The KTM Freeride E-XC will be available at the following dealerships:

  • Moto City KTM in Avondale, Ariz.
  • 3 Bros KTM of Orange County in Costa Mesa, Calif.
  • CJ KTM of Murrieta in Murrieta, Calif.
  • KTM of Roseville in Roseville, Calif.
  • Malcolm Smith Motorsports in Riverside, Calif.
  • Elite Motorsports KTM in Loveland, Colo.
  • Larsons Cycle in Cambridge, Minn.
  • Edelman’s KTM in Troy, N.Y.
  • Solid Performance KTM in Downingtown, Penn.
  • Adventure Powersports KTM in McKinney, Texas
  • KTM of North Texas in Arlington, Texas


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  • john burns


    • Maybe, but you’d have to cook it a long time. Luckily, lithium is non-toxic.

      • john burns

        who wants to SCHLEP their bike on a truck all the time? Last new bike I actually bought was 2006 Husqvarna TE250 BECAUSE you could put a license plate on it.

        • Sayyed Bashir

          Battery lasts only one hour. You have to bring it in a pickup truck and carry extra fully charged battery packs to swap out.

          • Buzz

            at 4 thousand a throw!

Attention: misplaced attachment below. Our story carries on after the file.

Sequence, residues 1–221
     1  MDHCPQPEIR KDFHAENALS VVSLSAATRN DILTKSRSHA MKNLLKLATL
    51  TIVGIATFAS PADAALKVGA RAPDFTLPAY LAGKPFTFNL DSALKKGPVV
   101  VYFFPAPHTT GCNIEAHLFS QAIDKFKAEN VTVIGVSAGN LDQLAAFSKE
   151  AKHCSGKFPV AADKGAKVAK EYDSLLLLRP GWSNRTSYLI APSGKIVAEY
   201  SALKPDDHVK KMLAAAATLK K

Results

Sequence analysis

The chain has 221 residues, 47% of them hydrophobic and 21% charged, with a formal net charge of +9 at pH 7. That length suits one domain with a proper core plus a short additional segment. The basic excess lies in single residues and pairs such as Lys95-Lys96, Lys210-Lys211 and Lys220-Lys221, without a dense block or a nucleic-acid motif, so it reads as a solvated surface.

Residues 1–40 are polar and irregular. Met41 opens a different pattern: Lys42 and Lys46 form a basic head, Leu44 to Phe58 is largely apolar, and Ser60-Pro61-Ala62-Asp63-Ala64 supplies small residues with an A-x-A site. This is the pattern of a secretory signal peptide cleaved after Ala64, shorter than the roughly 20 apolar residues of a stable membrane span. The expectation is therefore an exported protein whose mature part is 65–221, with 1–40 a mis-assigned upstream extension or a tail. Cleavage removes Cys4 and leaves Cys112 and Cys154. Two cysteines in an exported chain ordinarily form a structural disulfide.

• Campisi

            Sure, but I wouldn’t mind the option of having a blast on my way to and from the grocery store now and again.

        • Sayyed Bashir

          Also the rear brake has to be foot controlled per DOT standards.

  • john phyyt

    Must be okay after it is submerged. Pretty good tech.

  • Old MOron

    I would like to demo the street-legal version.

    • Kevin Duke

      You probably wouldn’t. A battery that small would be depleted really quickly on the street.

      • Old MOron


  • Buzz

    How do you charge an electric dirt bike in the middle of nowhere? Gasoline generator?

    • Sayyed Bashir

      Take some fully charged battery packs and swap them out.

    • Starmag

      Find the nearest rainbow for inductive charging or:

      One extra battery pack(one extra hour) $4k! Sayyed suggests multiples.

      Virtue signaling is pricey.

      • Buzz

        1 gallon of gasoline $3 = 1 extra hour.

        Unicorn cycle 1 extra battery pack $4000!!!!

        • Sayyed Bashir

          Gasoline is expendable. The battery pack is good for the life of the bike. So 1000 hours of riding will pay back for the battery pack (if premium gas was $4 in CA).